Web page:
BLADE Network Technologies today said it raised $10 million in Series B funding from NEC Corp., Juniper Networks (s jnpr), Garnett & Helfrich Capital and an anonymous server maker, bringing its total valuation to $230 million. The startup switch provider also reported record revenue in its last quarter, during which time many IT vendors — including networking rival Cisco (s csco) — saw sales plummet. Sure, BLADE Network’s sharp focus providing switches only for blade servers (themselves a bright spot in the IT industry) ensures it won’t be matching even a recession-era Cisco in revenue anytime soon, but its relative success does speak volumes about the blade market and the wisdom of doing one thing well.
Customers are trying to achieve more flexibility in smaller server footprints, with the hopes of both improving performance and saving on operational expenses. While virtualization technologies have been leading the charge on these fronts, blade servers have quietly been contributing, too, by packing a lot of power into a small space. In fact, IDC considers blade server revenue a bright spot in an otherwise dismal server market, with blades actually increasing market share. The market should grow as cloud and cloud-like computing start to take hold in data centers. Cisco’s UCS servers come in blade form, as does IBM’s (s ibm) CloudBurst solution.
And, as its name implies, blade servers are where BLADE Network makes its money. The company spun off from Nortel Networks in 2006, and has experienced impressive results since, with large server vendors placing their names on BLADE’s products. It is a switch provider for HP (s hpq) BladeSystem servers, IBM BladeCenter servers and NEC SIGMABLADE systems. It also developed a special switch for Verari’s BladeRack 2 platform. HP and IBM are particularly sweet deals, as IDC estimates their combined market share at 80.1 percent of the multibillion-dollar blade server industry (with HP itself boasting 52.9 percent).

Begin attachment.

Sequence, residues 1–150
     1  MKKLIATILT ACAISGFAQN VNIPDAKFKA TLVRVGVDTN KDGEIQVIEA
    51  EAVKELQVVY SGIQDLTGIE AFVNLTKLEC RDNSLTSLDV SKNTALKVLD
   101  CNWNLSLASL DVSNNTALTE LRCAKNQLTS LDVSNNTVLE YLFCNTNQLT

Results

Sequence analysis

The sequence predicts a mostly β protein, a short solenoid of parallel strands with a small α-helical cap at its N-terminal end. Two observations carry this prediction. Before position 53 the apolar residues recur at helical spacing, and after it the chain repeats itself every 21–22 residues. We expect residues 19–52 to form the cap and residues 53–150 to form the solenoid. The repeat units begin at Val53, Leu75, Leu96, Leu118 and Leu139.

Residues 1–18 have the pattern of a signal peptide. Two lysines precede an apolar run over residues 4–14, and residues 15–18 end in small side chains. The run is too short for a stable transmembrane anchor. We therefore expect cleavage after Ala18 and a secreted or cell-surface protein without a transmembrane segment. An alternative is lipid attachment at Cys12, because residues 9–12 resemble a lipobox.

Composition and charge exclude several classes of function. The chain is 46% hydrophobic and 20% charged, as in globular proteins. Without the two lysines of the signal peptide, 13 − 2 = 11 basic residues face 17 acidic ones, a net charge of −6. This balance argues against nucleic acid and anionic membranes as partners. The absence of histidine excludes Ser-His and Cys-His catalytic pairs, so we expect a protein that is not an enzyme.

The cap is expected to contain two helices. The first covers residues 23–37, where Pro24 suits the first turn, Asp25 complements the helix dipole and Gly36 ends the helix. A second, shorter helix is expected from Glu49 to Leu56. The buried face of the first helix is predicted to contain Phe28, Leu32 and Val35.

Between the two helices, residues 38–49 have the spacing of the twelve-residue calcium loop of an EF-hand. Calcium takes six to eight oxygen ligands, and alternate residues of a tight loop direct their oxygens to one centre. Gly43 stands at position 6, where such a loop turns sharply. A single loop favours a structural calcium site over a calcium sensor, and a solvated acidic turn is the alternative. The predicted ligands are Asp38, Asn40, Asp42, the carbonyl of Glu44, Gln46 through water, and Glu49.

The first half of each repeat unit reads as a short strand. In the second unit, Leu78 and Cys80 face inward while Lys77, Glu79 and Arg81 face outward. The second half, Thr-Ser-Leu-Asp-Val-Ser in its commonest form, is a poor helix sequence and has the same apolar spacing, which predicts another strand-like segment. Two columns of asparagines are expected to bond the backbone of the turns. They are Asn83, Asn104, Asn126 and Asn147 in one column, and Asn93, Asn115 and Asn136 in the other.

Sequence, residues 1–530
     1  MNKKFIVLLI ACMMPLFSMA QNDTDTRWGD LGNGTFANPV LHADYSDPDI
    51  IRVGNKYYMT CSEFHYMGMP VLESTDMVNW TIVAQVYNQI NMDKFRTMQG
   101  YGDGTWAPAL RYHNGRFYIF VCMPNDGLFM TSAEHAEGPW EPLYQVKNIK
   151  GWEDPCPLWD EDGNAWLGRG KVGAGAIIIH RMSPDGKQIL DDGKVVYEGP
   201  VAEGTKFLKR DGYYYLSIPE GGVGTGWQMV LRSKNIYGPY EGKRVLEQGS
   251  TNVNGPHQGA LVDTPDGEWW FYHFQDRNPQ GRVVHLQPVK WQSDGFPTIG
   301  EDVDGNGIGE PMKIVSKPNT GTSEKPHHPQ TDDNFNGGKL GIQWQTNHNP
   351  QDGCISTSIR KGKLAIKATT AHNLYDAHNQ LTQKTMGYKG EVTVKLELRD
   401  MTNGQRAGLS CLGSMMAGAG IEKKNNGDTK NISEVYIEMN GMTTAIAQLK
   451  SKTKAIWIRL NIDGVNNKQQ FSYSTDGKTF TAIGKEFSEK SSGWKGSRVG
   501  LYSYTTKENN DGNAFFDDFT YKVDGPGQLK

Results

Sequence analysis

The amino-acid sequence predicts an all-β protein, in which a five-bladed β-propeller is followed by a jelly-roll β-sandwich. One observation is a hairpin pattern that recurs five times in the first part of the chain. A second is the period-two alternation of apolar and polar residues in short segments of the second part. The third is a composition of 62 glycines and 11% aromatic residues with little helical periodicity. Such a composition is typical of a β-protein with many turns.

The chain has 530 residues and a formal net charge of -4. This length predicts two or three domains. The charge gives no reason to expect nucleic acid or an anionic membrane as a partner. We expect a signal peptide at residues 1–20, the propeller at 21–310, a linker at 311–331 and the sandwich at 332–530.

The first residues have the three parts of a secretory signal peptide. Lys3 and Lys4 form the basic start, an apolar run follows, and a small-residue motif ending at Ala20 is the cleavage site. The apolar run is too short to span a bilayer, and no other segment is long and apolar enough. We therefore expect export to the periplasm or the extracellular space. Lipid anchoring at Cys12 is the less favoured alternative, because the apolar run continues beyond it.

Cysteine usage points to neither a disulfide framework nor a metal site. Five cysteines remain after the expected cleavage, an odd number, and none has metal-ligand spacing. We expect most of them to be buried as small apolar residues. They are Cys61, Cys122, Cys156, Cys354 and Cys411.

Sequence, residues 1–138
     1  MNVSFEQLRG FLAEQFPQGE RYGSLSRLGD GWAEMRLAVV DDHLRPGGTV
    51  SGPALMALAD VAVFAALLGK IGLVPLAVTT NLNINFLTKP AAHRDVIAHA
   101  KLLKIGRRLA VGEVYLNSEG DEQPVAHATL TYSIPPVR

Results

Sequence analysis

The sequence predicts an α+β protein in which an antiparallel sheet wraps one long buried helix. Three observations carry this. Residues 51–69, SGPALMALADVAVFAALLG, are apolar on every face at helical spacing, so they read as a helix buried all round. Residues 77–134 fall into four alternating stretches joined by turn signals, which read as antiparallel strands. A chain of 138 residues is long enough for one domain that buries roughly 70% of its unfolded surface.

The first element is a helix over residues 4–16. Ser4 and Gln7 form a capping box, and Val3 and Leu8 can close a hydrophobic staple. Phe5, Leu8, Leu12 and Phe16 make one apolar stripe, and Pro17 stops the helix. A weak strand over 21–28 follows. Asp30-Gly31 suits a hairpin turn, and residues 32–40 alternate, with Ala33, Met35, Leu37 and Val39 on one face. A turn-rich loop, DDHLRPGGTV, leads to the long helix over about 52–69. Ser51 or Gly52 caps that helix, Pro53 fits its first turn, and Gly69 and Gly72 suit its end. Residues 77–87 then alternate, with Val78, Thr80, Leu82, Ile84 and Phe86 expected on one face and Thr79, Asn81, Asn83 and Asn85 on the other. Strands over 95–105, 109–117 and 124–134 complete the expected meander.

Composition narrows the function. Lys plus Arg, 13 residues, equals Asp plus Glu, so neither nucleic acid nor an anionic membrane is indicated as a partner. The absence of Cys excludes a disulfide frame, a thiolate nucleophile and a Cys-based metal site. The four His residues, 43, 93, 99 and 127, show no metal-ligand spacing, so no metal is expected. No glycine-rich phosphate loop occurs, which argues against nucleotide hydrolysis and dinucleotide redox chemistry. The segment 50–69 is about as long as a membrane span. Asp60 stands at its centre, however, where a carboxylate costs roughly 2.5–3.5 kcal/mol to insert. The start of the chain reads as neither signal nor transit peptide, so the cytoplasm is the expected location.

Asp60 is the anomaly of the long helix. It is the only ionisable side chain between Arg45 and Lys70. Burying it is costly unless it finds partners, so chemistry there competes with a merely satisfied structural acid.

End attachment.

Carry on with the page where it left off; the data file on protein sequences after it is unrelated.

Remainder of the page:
If we accept the company’s claim of market leadership in blade server networking as true, BLADE Network has accomplished a lot in its short existence, and its valuation makes sense. As its products make their way into more data centers, however, BLADE Networks likely will move to expand its presence beyond the blade, where it will compete with incumbent networking leaders at a much higher level. Given its increasing competition with Cisco, though, it wouldn’t be too surprising to see new investor Juniper make a play for BLADE Network’s portfolio.